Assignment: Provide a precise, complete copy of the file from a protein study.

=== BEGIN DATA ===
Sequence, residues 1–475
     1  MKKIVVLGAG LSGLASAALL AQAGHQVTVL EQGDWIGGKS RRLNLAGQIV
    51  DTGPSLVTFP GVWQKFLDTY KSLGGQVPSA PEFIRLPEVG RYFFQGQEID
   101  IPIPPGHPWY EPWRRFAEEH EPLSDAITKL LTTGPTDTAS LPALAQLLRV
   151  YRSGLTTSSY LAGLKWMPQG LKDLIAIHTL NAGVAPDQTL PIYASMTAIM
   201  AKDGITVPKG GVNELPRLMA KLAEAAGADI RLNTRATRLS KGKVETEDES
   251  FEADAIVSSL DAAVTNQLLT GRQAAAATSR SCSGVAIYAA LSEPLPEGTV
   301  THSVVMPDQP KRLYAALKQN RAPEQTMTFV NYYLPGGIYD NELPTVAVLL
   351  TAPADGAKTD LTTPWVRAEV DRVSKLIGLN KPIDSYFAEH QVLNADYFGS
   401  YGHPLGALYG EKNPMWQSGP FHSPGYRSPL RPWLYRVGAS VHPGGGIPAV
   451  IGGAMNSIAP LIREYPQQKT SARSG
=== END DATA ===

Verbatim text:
Sequence, residues 1–475
     1  MKKIVVLGAG LSGLASAALL AQAGHQVTVL EQGDWIGGKS RRLNLAGQIV
    51  DTGPSLVTFP GVWQKFLDTY KSLGGQVPSA PEFIRLPEVG RYFFQGQEID
   101  IPIPPGHPWY EPWRRFAEEH EPLSDAITKL LTTGPTDTAS LPALAQLLRV
   151  YRSGLTTSSY LAGLKWMPQG LKDLIAIHTL NAGVAPDQTL PIYASMTAIM
   201  AKDGITVPKG GVNELPRLMA KLAEAAGADI RLNTRATRLS KGKVETEDES
   251  FEADAIVSSL DAAVTNQLLT GRQAAAATSR SCSGVAIYAA LSEPLPEGTV
   301  THSVVMPDQP KRLYAALKQN RAPEQTMTFV NYYLPGGIYD NELPTVAVLL
   351  TAPADGAKTD LTTPWVRAEV DRVSKLIGLN KPIDSYFAEH QVLNADYFGS
   401  YGHPLGALYG EKNPMWQSGP FHSPGYRSPL RPWLYRVGAS VHPGGGIPAV
   451  IGGAMNSIAP LIREYPQQKT SARSG